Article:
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The One Hour Photo Prop That Actually Belonged To Robin Williams

From his groundbreaking, improvisational brand of stand-up comedy to the memorable characters he created in films like "Mrs. Doubtfire," "Aladdin" and "Jumanji," the late, great Robin Williams undoubtedly created an enduring legacy of laughter. However, he was equally adept at relating to his audience on a deeper, more emotional level with his dramatic work.

This may have been best evidenced by his turn as Dr. Sean Maguire in 1997's "Good Will Hunting." His performance as the Ben Affleck and Matt Damon-penned character netted him the biggest prize of his career — an Academy Award for Best Supporting Actor. Five years later, though, Williams took his dramatic work to disturbing new levels in the psychological thriller "One Hour Photo." Although it was a much smaller film at the time than the typical Williams-headlined release, it became a critical darling and a cult hit.

"One Hour Photo" currently holds a Certified Fresh score of 82% on Rotten Tomatoes, and Williams' haunting performance has been oft-cited as one of the movie's highlights. He injected the production with more than just his vulnerability and gravitas, though. One of his prized personal possessions actually made it onto the screen as a prop during multiple pivotal scenes.

Robin Williams' Neon Genesis Evangelion figure

In "One Hour Photo," Williams played Sy Parrish, a lonely department-store photo technician who becomes obsessed with the Yorkin family, whose members are regular customers at his shop. As the film unfolds, Sy's desire to actually become part of the family escalates to the point that he confronts the father, Will Yorkin, upon learning he is having an extramarital affair. He then forces him to pose for lewd photos with his mistress.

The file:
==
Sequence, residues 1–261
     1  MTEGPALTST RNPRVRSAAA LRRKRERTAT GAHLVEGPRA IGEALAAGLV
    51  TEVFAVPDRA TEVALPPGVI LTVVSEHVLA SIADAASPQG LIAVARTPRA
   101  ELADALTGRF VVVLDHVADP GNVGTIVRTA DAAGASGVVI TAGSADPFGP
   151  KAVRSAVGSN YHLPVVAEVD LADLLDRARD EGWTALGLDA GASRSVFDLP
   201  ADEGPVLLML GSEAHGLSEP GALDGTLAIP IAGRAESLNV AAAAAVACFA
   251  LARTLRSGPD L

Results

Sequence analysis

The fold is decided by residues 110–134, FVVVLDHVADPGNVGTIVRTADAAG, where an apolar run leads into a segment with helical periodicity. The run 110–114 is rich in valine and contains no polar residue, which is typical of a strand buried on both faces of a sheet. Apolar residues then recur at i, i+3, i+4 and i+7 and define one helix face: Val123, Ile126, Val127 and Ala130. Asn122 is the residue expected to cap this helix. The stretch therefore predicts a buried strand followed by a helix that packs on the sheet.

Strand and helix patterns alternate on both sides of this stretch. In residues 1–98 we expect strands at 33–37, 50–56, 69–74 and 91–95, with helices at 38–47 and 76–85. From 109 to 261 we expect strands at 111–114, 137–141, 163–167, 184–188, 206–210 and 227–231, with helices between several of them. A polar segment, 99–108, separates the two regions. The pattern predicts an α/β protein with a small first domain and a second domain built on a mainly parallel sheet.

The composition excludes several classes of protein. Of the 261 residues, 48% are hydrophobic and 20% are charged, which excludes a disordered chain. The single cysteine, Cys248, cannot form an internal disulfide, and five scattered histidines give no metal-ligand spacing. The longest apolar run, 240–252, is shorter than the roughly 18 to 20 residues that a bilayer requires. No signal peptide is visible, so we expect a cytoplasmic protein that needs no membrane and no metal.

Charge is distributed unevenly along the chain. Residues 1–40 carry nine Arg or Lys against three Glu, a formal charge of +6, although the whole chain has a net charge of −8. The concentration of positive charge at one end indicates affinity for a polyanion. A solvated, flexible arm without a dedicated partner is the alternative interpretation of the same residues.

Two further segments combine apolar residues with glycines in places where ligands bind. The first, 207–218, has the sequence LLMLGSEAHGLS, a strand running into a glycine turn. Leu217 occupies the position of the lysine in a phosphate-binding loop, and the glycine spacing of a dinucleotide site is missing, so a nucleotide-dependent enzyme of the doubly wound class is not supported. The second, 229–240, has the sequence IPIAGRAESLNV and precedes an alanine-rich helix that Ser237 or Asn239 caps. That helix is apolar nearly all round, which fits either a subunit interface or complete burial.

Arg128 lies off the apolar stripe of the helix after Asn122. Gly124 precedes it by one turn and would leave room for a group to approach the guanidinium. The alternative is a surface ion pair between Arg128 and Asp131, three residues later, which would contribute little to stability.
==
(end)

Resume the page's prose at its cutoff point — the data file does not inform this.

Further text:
Midway through the film, Sy encounters the Yorkins' son, Jake, at the department store. The young boy is holding an action figure from the anime series "Neon Genesis Evangelion" — something that Sy inquires about in an attempt to grow closer to him. "What do you have there?" Sy asks, to which Jake responds, "Evangelion." The boy goes on to offer his best synopsis of the character. In real life, Williams was well aware of the figure's significance. According to Film Facts on Twitter, he was reportedly a big fan of the series and the figure was said to be part of his own collection.

After Jake is told that he has to leave, Sy proceeds to take the figure from him. However, instead of putting it back, he buys it and then follows the child to soccer practice, where he attempts to give it to him. Ultimately, Jake doesn't accept the toy and Sy keeps it. Later in the film, Sy wakes up from a nightmare and sees the figure. It appears to spur him toward committing his later offenses.

Williams' love of anime was well-documented

For Williams' biggest fans, the fact that the "Neon Genesis Evangelion" figure was part of his personal collection should come as no surprise. The actor-comedian was a noted anime enthusiast. Williams sounded off on some of his favorite anime series during a Reddit AMA in 2013. When asked about some of the other shows that he liked, he namechecked a number of anime hits in rapid succession. "Oh god, 'Ghost in the Shell.' 'Akira'. 'Blood: The Last Vampire.' But mostly 'Ghost in the Shell,'" he wrote.

Williams later noted that he originally got hooked on anime as a result of  "a shop in San Francisco that sold [laser discs.]"

Even after his tragic and untimely death, tales of Williams' anime fandom continue to pop up. In 2018, his daughter Zelda Williams revealed that he had multiple storage units filled with anime figures. The massive collection was apparently filled with so many unboxed and unlabeled figures that she had to turn to fans to help identify them all, per Anime News Network.

Given that he named his daughter Zelda after the iconic Nintendo video game franchise of the same name, the fact that the comedy legend had such geeky obsessions stands to reason.